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The National Federation of Independent Business (NFIB) and Associated Builders and Contractors of Texas have lost one legal challenge to the National Labor Relations Board’s (NLRB’s) so-called ambush election rule. The U.S. District Court for the Western District of Texas decided June 1, 2015, the rule’s extremely shortened period from a petition to election was not an interference with speech, and that the rule’s extra required disclosures of personal contact information were not an invasion of privacy.
The Society for Human Resource Management has joined a
separate legal challenge of the rule brought by the Coalition for a Democratic Workforce, the National Retail Federation, the National Association of Manufacturers and the U.S. Chamber of Commerce in the U.S. District Court for the District of Columbia.
After the Texas district court decision June 1, Karen Harned, executive director of the NFIB Small Business Legal Center, said, “We are deeply disappointed by the Texas court ruling and we plan to appeal the decision. If this ruling stands, small businesses—which typically do not have in-house labor counsel—will have very little time to make preparations for a union election. It could take 10 days just to find a labor lawyer and get a meeting. They would have very little time to educate their employees on how unionization could affect them, including the impact of union dues on their paychecks.”
She added, “The ambush election is a very badly disguised effort on the part of the federal government to rig the outcome of union elections in favor of organized labor, and we don’t believe it’s legal.”
NFIB Texas Executive Director Will Newton added, “Employees need to hear both sides of the argument in order to make an informed decision. There’s nothing fair about a campaign in which one side can organize quietly for months while the other side only has a few days to respond. The NLRB is stacking the deck in favor of labor unions and we’re not going to let that stand.”
No Interference with Speech
The plaintiffs asserted that the ambush election rule “improperly shortens the overall pre-election time period to an extreme degree, in violation of the ‘free speech’ provision of the act.”
While the time between a petition and election may be as short as 10 days under the new rule compared to as much as 30 days or more under the old, “plaintiffs point to no provision in the act or other statute which mandates a 30-day period for the exchange of information prior to an election,” the district court stated.
“Under the new rule, the regional director is charged with ‘setting the election for the earliest date practicable,’ ” the court noted. “This discretion alone renders it virtually impossible for plaintiffs to show the election period in every set of circumstances violates free speech.”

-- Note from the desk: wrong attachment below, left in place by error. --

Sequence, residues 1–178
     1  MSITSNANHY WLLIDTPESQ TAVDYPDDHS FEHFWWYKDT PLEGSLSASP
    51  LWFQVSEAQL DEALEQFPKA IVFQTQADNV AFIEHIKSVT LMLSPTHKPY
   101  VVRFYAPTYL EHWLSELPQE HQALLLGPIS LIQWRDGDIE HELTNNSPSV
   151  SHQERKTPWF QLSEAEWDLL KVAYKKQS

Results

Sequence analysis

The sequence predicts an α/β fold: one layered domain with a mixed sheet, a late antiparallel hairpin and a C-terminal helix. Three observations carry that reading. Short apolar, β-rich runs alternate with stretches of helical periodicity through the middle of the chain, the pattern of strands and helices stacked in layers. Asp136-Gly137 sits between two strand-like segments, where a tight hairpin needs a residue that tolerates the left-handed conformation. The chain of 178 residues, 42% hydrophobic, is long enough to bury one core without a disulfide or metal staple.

In addition, the court noted, “Union organizing campaigns rarely catch employers by surprise.” So, employers often “begin speaking to employees about union representation well before a representation petition is filed.”
No Invasion of Privacy
The plaintiffs also protested the requirement that employers disclose the personal phone numbers and e-mail addresses for all employees who are deemed to be part of an appropriate bargaining unit, as well as those whose status has not yet been determined.
Some are concerned that unions are petitioning for elections just to get the lists of employee contact information, then withdrawing the petitions to organize further. But the court wasn’t bothered by this, saying, “Plaintiffs’ concern that unions can ‘game’ the system by filing a clearly deficient petition merely to obtain a list of employee names and work shifts is not well-founded.”
The court reasoned that “while the disclosure of names and job duties required under the new rule is prior to direction of an election, it is after the regional director has found ‘there is reasonable cause to believe that a question of representation affecting commerce exists, that the policies of the act will be effectuated and that an election will reflect the free choice of employees in an appropriate unit.’ ”
The court also was not convinced that the disclosure of e-mail addresses was more invasive than the long-standing requirement of disclosing home addresses. “Virtual contact can be readily ignored,” it stated. “And virtual contact information can be and is routinely changed, unlike a physical home address.”
The plaintiffs expressed concern that disclosure of this personal information increases the risk of identity theft or unauthorized dissemination of personal information. The court dismissed these concerns, citing the NLRB, which found, “These risks are worth taking and as a practical matter, must be taken, if communication about organizational issues is going to take place using tools of communication that are prevalent today. E-mail and cellphones are ever increasing the modes by which people communicate; this continuing expansion in the use of new electronic media demonstrates that the risks associated with these speedy and convenient tools are part of our daily life.”
This case is
Associated Builders and Contractors of Texas Inc. v. National Labor Relations Board, No. 1-15-CV-026 (W.D. Texas 2015).
Allen Smith, J.D., is the manager of workplace law content for SHRM. Follow him
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